Koh Ker Temple, Preah Vihear Province

4.8
Abandoned and undiscovered for over a thousand years, Koh Ker Temple remains part of one of Cambodia's most remote temple complexes. Inscriptions dating back to 932 CE have been found here, scattered across 42 major structures within the complex. The most notable landmark is Prasat Krahom, known for its red bricks. Don't wander off without a guide, as land mines continue to present a danger in the surrounding forests. Use our Preah Vihear Province route builder to arrange your visit to Koh Ker Temple and other attractions in Preah Vihear Province.
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Koh Ker Temple Reviews
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253 reviews
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4.8
TripAdvisor
  • Honestly I wasn't impressed with the pyramid, after 3 hours drive from SR. Too much in ruins, nothing really to see. Climbed to the top for a view that was nice of the forests all around. There are ma...  more »
  • Plus $ 30 (with Japan Guide) in Preah Vihear & benmeria Temple Tour, visited the ruins. Location visited in the mood completely, but definetely a great. You can cache ruins in Peru and Mexico, such as pyramids and climb up to the top. Landscape seen from the top of the pyramid Cambodia was exceptional and wonderful memories. Also I could see while focusing on the era are on their way to the pyramid ruins sense of nostalgia and made this site.
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  • me and my friend choose Koh Ker to the first place in Siem Reab .This place has so many curious about Pyramid and the Temple .There also have some energy in. u will see their is no giant tree grown up...  more »
Google
  • One of its kind pyramid in Cambodia, not too crowded. Beautiful view at the top, but you have to deserve it by climbing the 7 flights of stairs first!
  • Truly beautiful structure and didn't seem too busy with visitors. The panoramic view up top is also beautiful and peaceful... especially around sunset. Add this to your list of temples!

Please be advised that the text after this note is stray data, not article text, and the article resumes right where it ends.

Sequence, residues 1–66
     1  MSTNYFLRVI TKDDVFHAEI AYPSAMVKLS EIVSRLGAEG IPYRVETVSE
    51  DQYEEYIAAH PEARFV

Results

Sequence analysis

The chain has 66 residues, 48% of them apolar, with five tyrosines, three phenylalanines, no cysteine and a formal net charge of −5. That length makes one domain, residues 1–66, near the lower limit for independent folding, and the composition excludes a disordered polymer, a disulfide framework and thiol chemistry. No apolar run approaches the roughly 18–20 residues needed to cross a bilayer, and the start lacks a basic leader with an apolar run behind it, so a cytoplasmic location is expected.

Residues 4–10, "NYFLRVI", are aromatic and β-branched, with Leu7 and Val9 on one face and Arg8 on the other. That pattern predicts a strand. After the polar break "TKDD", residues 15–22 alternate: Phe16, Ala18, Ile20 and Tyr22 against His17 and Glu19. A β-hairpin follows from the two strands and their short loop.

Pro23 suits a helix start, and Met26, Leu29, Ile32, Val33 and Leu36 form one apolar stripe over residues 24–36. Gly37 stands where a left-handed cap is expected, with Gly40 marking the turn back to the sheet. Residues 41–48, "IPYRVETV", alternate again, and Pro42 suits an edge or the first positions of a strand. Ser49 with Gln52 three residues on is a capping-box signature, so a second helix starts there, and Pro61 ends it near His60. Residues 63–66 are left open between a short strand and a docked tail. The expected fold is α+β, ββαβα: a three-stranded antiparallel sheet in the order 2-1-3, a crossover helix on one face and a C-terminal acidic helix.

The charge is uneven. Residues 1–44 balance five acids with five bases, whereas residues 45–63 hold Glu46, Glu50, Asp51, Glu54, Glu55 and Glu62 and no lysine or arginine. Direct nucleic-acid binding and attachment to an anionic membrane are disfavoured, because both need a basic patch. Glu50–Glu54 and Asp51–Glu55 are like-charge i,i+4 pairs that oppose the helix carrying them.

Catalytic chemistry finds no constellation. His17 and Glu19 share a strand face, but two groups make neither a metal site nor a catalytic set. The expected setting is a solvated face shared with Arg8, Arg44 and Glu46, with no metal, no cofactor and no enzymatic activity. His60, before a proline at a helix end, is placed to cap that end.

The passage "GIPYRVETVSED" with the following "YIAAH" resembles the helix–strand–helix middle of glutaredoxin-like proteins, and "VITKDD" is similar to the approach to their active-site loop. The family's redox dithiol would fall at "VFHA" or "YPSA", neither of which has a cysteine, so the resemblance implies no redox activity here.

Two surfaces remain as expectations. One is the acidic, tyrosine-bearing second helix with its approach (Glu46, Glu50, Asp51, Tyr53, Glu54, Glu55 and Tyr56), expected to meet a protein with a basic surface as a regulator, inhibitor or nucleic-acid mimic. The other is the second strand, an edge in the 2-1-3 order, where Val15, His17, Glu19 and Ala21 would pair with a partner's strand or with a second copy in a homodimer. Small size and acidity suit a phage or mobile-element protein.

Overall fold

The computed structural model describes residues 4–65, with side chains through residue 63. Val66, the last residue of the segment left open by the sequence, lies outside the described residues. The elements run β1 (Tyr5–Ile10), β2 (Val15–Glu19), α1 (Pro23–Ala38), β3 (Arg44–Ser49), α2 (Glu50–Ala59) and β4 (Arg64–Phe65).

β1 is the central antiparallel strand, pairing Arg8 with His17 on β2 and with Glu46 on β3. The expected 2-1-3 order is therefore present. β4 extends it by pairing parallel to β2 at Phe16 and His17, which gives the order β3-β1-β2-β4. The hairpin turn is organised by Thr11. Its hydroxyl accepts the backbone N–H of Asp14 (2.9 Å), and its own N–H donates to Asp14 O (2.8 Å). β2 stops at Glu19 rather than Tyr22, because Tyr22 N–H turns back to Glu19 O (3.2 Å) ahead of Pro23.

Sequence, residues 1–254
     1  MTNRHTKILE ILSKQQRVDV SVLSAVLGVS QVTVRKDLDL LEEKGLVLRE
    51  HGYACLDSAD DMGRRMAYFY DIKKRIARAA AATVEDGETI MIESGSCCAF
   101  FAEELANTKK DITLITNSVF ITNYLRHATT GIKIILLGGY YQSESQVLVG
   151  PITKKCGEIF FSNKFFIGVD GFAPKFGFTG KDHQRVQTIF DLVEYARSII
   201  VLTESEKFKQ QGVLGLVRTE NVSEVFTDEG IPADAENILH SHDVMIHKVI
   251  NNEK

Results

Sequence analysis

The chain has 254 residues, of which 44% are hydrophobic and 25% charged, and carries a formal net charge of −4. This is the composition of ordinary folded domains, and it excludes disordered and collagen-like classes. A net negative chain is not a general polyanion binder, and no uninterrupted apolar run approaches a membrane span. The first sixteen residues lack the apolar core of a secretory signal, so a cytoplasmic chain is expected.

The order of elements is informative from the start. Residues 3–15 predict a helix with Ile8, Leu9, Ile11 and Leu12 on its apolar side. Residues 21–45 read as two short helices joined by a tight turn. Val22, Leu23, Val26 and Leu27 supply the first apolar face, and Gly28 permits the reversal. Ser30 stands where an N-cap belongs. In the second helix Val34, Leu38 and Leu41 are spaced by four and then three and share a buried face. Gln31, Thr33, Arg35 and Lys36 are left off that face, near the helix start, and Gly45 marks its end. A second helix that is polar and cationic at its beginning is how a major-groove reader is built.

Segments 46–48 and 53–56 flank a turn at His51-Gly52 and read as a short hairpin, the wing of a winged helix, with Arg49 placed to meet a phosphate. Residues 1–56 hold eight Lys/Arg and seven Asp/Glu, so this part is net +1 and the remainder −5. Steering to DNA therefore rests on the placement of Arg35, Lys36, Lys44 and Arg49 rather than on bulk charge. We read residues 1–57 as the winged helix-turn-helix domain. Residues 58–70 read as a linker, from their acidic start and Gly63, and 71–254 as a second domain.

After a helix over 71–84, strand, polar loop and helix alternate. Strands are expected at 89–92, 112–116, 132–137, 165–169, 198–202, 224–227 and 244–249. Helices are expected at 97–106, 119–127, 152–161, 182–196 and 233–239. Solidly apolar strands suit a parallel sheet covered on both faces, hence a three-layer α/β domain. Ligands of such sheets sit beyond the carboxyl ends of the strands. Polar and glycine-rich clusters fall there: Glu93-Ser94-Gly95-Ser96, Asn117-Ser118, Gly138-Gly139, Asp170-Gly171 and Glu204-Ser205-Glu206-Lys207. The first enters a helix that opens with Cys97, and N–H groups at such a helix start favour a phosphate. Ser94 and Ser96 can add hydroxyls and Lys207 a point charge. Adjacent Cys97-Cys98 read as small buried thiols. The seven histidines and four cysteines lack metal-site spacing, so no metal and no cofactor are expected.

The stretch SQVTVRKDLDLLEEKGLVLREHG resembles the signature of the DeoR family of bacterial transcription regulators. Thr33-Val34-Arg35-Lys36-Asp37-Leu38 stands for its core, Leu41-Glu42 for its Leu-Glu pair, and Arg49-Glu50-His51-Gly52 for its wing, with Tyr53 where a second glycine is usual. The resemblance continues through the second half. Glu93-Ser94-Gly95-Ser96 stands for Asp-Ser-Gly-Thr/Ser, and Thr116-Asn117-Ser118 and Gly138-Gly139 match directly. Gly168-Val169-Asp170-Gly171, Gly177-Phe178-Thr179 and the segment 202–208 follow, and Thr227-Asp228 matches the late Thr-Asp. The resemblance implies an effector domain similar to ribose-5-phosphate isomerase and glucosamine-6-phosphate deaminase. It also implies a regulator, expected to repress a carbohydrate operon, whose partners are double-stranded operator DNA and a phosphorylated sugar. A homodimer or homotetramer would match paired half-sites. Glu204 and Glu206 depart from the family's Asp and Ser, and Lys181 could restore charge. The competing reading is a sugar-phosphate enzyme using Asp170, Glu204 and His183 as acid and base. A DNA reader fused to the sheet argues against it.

• Very cool place! The hike up to the top of the pyramid is well worth it! Amazing views of the surrounding areas. The temple itself is very impressive considering how old it is 😊👍
  • Place interesting and opens many questions about religion in Cambodia, specially for people who are fisrt time see and know this culture. The pyramid here opens many questions Why How For what For whom Relation with Egyptian pyramids...
  • According to Wikipedia King Jayavarman IV initiated the construction of the Koh ker complex around the early part of the tenth Century. The central feature of the site is the impressive seven tiered pyramid (prang) which stands at 36 meters high, at the apex, and is sixty two meters square at the base. As we drove towards the site my driver, Phan (a great guide who speaks very good English), passed the time with some interesting anecdotal information about his past experiences with the remote sites I was about to visit. “The first time I came up here was in 1998. I had one customer, and American, who wanted to climb up the pyramid and watch the sunrise. We came up the day before on motor cross bikes because there was no road then, only a dirt track, and there were still a lot of land mines in the area. It took a lot longer to get there and we arrived in the evening. There was a small restaurant, which is still there, and we slept in hammocks under the shelter of the restaurants roof. The site is surrounded by jungle (and still is) and there were a lot of animals around the area. At dawn the American guy climbed up the pyramid to watch the sunrise.” I asked Phan if it was still possible to climb up the pyramid. He told me ascents to the top had been stopped but, if things were quiet and there were few visitors about, he would talk with the staff at the site. I was a bit concerned that I wouldn’t be able to climb to the top but there was not much I could do about it if the park staff said “no.” There is an entrance fee for these remote site visitations and a government office is just off the road a few kilometers before Beng Mealea. The fees are as follows: Beng Mealea – USD 5 per day; Koh Ker – USD 10 per day. For in-depth info on the remote temple sites of Cambodia, check my travel blog: megaworldasia dot com - South East Asia's off the beaten track specialist.

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Where to stay in Preah Vihear Province

Accommodations, by and large, remain pretty basic across Preah Vihear Province, with the remote and sprawling province not yet decked out with the infrastructure that will let tourism develop. Close to the main temples and ruins, you'll find small villages with a collection of guesthouses set in wooden shacks, with limited facilities, but run by welcoming locals. Many visitors opt to stay in Siem Reap, with the large city located about three hours away to the west of the main temples.
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